A Handbook for Women Mentors: Transcending Barriers of Stereotype, Race, and Ethnicity

A Handbook for Women Mentors: Transcending Barriers of Stereotype, Race, and Ethnicity

A Handbook for Women Mentors: Transcending Barriers of Stereotype, Race, and Ethnicity

A Handbook for Women Mentors: Transcending Barriers of Stereotype, Race, and Ethnicity

Synopsis

This perceptive and practical guide explores the growing phenomenon of successful women serving as mentors to other women in academia or in professional careers.

• Contributors are internationally distinguished scholars from psychology and anthropology who have served as role models and women mentors to countless mentees

• Helpful indexes for gender, racial, ethnic, and religious/spiritual issues

Excerpt

Mentoring has a long history but has been generally male oriented. Yet within the last few decades, we have witnessed an extraordinary upturn in the number of women pursuing higher education, engaging in the workplace, entering new careers, and taking on nontraditional roles. This suggests a need for a new and more affirming sensitivity to the interests of women in regard to mentoring. These chapters meet this need by providing new understandings of the process of mentoring as it relates specifically to women.

This book is written by women who bring insights about both the theoretical and practical, hands-on aspects of mentoring. They delve into history and note the changing social scene with a special concern for the culture the mentors and their mentees occupy. Their writings cover a spectrum of ethnocultural backgrounds and experiences that are usually not considered. Although each mentoring event is unique, they note the importance of mentors being aware of the differing backgrounds and experiences of their mentees and vice versa. They write about the ways stereotypes and perceptions, or misperceptions, influence the mentor–mentee relationship.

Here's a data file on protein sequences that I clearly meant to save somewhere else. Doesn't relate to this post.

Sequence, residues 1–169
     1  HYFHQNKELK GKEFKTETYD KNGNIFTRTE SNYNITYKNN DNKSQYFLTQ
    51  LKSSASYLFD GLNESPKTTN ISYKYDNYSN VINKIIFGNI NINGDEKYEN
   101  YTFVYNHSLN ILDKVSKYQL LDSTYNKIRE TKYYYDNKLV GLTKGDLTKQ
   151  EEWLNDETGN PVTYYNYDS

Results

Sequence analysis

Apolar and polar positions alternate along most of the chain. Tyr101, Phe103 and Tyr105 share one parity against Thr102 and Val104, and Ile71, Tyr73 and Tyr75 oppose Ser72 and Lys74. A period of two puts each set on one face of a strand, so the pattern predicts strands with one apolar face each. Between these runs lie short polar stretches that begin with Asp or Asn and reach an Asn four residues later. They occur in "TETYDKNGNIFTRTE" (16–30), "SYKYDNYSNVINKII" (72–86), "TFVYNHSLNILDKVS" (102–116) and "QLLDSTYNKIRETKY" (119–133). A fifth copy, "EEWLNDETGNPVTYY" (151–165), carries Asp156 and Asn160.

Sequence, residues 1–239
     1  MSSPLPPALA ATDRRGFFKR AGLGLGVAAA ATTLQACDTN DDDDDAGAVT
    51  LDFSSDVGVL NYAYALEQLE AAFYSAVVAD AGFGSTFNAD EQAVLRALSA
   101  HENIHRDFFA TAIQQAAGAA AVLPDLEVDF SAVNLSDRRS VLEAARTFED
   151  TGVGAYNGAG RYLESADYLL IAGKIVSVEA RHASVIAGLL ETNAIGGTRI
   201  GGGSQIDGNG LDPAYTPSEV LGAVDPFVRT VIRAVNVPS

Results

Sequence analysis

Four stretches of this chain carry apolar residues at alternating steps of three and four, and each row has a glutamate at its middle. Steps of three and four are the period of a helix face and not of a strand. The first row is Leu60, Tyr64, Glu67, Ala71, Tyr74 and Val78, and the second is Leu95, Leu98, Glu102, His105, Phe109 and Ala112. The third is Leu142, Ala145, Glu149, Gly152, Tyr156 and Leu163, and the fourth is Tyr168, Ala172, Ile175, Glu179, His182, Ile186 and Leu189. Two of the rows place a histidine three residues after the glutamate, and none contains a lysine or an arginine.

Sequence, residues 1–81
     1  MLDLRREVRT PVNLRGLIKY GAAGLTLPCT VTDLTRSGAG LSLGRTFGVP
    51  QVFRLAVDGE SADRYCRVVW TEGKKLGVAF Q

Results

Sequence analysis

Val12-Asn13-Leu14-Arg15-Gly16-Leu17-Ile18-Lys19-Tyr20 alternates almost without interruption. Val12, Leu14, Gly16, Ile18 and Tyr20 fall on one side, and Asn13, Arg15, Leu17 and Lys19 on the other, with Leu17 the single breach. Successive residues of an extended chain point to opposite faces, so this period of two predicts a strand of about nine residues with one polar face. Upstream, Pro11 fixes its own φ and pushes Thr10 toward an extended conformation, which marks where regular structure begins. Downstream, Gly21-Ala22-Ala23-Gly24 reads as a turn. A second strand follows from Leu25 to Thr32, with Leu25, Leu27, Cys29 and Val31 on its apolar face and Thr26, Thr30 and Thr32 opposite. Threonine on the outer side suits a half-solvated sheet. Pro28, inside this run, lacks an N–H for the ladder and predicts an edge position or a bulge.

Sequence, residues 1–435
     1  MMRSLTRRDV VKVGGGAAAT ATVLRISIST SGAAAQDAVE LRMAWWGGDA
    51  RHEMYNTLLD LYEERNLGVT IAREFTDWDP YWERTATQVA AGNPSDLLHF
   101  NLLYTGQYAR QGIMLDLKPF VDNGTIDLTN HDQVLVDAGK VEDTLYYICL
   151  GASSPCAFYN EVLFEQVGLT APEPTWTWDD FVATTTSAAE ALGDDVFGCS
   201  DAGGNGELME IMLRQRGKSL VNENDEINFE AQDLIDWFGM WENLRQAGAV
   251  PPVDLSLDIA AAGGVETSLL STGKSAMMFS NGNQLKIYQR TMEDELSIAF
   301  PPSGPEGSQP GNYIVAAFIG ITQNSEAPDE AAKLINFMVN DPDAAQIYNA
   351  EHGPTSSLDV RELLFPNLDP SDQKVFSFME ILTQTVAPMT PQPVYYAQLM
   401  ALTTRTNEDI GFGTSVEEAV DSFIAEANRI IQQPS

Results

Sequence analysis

The authors cover the various forms of mentoring, ranging from the traditional one-on-one process to peer to community situations. A particular focus of some of the chapters is proposing new models of mentoring, including a feminist approach that is relational, supportive, and interactive in contrast to a usual linear, hierarchical model.

The chapters are innovative and comprehensive, covering all aspects of mentoring for women. Some of the information will be well known to some. But, no matter how well informed, the reader will, in all likelihood, find new understandings and insights about the role of mentoring for women.

Bonnie R. Strickland

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